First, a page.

As DuckDB enforces the corresponding columns to contain only correctly typed values, we cannot load the string “hello” into a column of type BIGINT. As such, an error is thrown when reading from the “numbers” table above:

Error: Mismatch Type Error: Invalid type in column "i": column was declared as integer, found "hello" of type "text" instead.

This error can be avoided by setting the sqlite_all_varchar option:

SET GLOBAL sqlite_all_varchar = true;

When set, this option overrides the type conversion rules described above, and instead always converts the SQLite columns into a VARCHAR column. Note that this setting must be set before sqlite_attach is called.

Opening SQLite Databases Directly

SQLite databases can also be opened directly and can be used transparently instead of a DuckDB database file. In any client, when connecting, a path to a SQLite database file can be provided and the SQLite database will be opened instead.

For example, with the shell:

duckdb data/db/sakila.db 
SHOW tables;
┌────────────┐
│    name    │
│  varchar   │
├────────────┤
│ actor      │
│ address    │
│ category   │
│    ·       │
│ staff_list │
│ store      │
├────────────┤
│  21 rows   │
│ (5 shown)  │
└────────────┘

Writing Data to SQLite

In addition to reading data from SQLite, the extension also allows you to create new SQLite database files, create tables, ingest data into SQLite and make other modifications to SQLite database files using standard SQL queries.

This allows you to use DuckDB to, for example, export data that is stored in a SQLite database to Parquet, or read data from a Parquet file into SQLite.

Below is a brief example of how to create a new SQLite database and load data into it.

ATTACH 'new_sqlite_database.db' AS sqlite_db (TYPE SQLITE);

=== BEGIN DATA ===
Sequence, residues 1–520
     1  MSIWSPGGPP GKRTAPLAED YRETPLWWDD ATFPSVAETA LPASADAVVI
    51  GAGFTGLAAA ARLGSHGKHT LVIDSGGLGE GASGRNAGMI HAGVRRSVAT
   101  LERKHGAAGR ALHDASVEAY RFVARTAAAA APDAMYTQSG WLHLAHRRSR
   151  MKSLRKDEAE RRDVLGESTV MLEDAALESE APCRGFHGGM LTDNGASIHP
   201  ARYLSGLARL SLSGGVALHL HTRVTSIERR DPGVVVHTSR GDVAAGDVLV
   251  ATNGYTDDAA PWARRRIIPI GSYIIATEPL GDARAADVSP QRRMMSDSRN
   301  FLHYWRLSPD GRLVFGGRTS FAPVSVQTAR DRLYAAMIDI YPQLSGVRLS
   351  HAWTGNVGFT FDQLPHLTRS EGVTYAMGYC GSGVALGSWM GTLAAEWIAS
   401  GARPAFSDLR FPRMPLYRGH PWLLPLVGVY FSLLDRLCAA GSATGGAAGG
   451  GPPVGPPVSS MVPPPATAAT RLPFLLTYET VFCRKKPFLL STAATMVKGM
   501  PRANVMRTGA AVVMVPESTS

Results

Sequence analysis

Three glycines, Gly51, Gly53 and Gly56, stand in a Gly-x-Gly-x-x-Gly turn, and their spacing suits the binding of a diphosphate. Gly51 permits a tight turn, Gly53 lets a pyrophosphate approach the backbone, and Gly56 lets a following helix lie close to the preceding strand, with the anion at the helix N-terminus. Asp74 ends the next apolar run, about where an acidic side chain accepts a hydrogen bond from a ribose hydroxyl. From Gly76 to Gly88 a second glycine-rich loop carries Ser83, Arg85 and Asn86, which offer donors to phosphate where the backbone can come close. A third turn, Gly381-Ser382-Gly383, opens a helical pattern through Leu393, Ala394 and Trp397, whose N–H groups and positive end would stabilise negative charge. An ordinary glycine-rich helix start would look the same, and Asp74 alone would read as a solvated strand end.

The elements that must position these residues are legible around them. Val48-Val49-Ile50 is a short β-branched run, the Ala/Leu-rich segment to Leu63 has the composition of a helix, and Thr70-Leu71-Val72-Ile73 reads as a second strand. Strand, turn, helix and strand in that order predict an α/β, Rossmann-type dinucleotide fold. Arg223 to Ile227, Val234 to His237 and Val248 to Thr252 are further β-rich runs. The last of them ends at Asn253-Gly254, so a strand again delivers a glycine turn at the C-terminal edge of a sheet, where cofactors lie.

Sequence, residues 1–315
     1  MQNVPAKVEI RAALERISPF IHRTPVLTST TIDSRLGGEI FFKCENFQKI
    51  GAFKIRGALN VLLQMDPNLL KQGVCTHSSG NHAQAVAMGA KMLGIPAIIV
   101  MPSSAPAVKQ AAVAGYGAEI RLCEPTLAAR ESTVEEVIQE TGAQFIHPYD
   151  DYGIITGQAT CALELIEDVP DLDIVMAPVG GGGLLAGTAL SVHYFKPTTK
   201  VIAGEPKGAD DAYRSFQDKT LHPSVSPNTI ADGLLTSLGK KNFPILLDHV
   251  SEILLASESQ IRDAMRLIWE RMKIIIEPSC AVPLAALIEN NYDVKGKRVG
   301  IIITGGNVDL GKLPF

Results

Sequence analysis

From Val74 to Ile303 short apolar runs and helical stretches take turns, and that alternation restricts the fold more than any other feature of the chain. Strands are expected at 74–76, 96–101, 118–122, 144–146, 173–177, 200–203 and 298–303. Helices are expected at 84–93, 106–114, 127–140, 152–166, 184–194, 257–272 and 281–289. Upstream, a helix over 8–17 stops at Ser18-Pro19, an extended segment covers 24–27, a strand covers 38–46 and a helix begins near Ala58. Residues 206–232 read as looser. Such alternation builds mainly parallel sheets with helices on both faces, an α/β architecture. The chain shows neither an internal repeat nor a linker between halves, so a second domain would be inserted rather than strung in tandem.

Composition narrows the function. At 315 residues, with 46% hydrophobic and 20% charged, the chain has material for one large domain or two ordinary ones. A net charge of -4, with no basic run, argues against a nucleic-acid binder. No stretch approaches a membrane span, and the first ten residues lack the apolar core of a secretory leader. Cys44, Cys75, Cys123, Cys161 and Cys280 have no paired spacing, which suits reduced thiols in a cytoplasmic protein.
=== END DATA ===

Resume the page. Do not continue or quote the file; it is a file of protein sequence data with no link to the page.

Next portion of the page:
CREATE TABLE sqlite_db.tbl(id INTEGER, name VARCHAR);
INSERT INTO sqlite_db.tbl VALUES (42, 'DuckDB');

The resulting SQLite database can then be read into from SQLite.

sqlite3 new_sqlite_database.db 
SQLite version 3.39.5 2022-10-14 20:58:05
sqlite> SELECT * FROM tbl;
id  name  
--  ------
42  DuckDB

Many operations on SQLite tables are supported. All these operations directly modify the SQLite database, and the result of subsequent operations can then be read using SQLite.

Below is a list of supported operations.

CREATE TABLE

CREATE TABLE sqlite_db.tbl(id INTEGER, name VARCHAR);

INSERT INTO

INSERT INTO sqlite_db.tbl VALUES (42, 'DuckDB');

SELECT

SELECT * FROM sqlite_db.tbl;
┌───────┬─────────┐
│  id   │  name   │
│ int64 │ varchar │
├───────┼─────────┤
│    42 │ DuckDB  │
└───────┴─────────┘

COPY

COPY sqlite_db.tbl TO 'data.parquet';
COPY sqlite_db.tbl FROM 'data.parquet';

UPDATE

UPDATE sqlite_db.tbl SET name = 'Woohoo' WHERE id = 42;

DELETE

DELETE FROM sqlite_db.tbl WHERE id = 42;

ALTER TABLE

ALTER TABLE sqlite_db.tbl ADD COLUMN k INTEGER;

DROP TABLE

DROP TABLE sqlite_db.tbl;

CREATE VIEW

CREATE VIEW sqlite_db.v1 AS SELECT 42;

Transactions

CREATE TABLE sqlite_db.tmp(i INTEGER);
BEGIN;
INSERT INTO sqlite_db.tmp VALUES (42);
SELECT * FROM sqlite_db.tmp;
┌───────┐
│   i   │
│ int64 │
├───────┤
│    42 │
└───────┘
ROLLBACK;
SELECT * FROM sqlite_db.tmp;
┌────────┐
│   i    │
│ int64  │
├────────┤
│ 0 rows │
└────────┘

Deprecated The old sqlite_attach function is deprecated. It is recommended to switch over to the new ATTACH syntax.